One of Chichester’s most influential 20th century figures has died at the age of 95.
An artist and also columnist with the Chichester Observer, David Goodman was an important force in the creation of Chichester Festival Theatre and an important inspiration in the early years of the Chichester Festivities. He also founded the Chichester Society.
His daughter Julia said: “My father was first and foremost an artist, and a man of Chichester, his adopted town. He was born in St John’s Wood and brought up in Highgate, London. He attended St Martin’s School of Art, then joined the RAF at the outbreak of World War Two. Towards the end of the war, he joined forces with British artist Peter Lanyon to teach art to servicemen in Italy.”
Mr Goodman then worked tirelessly to establish and promote Chichester as a widely- recognised centre for the arts, Julia said. “He was one of the driving forces behind founding the Chichester Festival Theatre. With Leslie Evershed-Martin, he edited The Impossible Theatre. He was art adviser for the theatre, and designed its souvenir programmes for many years. He designed the Minerva head.
“He was passionate about Chichester and its random architectural beauty.
Mr Goodman once memorably said: “Chichester never changes. Just look up. Its buildings are so beautifully and harmoniously arranged.”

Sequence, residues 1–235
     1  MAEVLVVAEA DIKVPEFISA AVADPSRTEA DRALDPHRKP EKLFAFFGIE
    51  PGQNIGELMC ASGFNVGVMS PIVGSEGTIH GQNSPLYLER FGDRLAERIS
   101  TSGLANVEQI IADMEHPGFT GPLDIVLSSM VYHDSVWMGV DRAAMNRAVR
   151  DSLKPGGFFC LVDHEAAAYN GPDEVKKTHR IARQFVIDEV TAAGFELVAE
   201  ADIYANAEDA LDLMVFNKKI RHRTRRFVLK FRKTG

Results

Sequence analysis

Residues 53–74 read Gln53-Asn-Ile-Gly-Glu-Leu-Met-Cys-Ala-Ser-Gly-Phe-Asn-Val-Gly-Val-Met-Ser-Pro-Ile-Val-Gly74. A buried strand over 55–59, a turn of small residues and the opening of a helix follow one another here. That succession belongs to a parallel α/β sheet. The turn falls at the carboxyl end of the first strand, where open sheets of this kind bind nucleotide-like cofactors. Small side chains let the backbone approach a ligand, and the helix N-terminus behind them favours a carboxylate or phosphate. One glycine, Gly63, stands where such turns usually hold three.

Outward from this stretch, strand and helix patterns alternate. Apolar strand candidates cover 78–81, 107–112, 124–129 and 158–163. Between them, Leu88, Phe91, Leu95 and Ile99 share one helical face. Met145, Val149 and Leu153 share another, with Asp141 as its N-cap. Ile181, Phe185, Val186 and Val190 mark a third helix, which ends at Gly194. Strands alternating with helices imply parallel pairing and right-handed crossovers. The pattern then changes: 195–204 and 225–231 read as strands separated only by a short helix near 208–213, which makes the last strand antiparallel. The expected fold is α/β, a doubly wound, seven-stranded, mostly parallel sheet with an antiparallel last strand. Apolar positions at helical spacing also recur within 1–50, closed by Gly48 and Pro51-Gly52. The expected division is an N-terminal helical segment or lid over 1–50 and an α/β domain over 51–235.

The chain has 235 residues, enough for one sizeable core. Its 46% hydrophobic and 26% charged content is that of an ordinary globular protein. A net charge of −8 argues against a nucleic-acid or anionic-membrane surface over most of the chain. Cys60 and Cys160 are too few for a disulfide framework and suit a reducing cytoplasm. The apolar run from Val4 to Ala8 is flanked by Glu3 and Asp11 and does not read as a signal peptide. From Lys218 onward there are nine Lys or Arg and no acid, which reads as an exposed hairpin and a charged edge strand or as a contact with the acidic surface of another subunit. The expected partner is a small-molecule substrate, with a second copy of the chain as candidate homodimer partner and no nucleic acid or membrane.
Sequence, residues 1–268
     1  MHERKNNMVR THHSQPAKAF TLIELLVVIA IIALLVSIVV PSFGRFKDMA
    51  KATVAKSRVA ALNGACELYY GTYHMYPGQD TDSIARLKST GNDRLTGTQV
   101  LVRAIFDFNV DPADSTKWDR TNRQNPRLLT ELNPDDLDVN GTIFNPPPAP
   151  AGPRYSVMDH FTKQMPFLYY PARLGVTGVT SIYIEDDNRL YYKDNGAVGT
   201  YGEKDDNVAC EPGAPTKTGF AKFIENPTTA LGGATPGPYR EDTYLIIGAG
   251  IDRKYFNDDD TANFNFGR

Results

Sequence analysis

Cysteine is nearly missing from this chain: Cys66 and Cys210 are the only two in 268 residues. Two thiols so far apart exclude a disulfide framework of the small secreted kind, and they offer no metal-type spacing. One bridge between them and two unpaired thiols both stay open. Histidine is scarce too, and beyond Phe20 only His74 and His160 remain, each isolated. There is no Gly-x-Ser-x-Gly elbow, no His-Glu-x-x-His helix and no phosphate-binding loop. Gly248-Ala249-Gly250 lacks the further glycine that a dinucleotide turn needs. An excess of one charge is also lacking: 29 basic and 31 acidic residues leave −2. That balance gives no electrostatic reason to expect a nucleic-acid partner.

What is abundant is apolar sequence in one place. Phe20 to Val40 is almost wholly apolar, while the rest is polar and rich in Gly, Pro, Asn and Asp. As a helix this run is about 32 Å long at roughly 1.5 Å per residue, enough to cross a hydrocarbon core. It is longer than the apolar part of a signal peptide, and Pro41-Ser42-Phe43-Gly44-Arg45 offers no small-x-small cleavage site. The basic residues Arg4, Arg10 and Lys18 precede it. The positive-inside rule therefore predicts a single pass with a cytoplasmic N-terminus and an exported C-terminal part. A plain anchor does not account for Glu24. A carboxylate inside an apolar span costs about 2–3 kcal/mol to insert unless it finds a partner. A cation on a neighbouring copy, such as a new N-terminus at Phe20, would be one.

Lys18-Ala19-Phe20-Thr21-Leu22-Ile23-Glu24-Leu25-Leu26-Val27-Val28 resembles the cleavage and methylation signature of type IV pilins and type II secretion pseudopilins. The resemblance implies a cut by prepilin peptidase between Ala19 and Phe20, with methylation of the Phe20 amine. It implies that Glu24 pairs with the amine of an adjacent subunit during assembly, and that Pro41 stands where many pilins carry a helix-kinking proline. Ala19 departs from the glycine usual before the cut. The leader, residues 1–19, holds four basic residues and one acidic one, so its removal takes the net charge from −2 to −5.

Julia added: “He famously and single-handedly started the Chichester Society, and gave a rallying address, with actress Irene Worth, in a packed Cathedral to get people to support the cause of stopping the destruction of some of Chichester’s finest old buildings. He sat on the bulldozer with the Dean, and while on it was interviewed for Radio 2 by Jimmy Young! He became chairman of the Society, then its president, and fought many battles on behalf of Chichester over many years. The Chichester Society was a major focus in David’s life, and has played, often invisibly, a tremendous role in preserving the Chichester we so easily take for granted today, often in the face of fierce opposition. David later received the Chichester City Council Civic Award.”
He is survived by his wife Pearl, daughters Julia, Caroline and Diana, eight grandchildren and eight great-grandchildren. A humanist funeral on October 1 at Chichester crematorium will be followed by a memorial service early next year.